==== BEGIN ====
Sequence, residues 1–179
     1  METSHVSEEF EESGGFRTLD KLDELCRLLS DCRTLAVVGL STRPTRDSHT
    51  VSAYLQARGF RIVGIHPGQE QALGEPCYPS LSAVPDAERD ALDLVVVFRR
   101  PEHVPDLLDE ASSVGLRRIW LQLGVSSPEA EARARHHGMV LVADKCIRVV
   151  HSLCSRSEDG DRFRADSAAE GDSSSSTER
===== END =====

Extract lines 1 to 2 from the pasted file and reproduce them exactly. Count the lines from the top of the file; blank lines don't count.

Sequence, residues 1–179
     1  METSHVSEEF EESGGFRTLD KLDELCRLLS DCRTLAVVGL STRPTRDSHT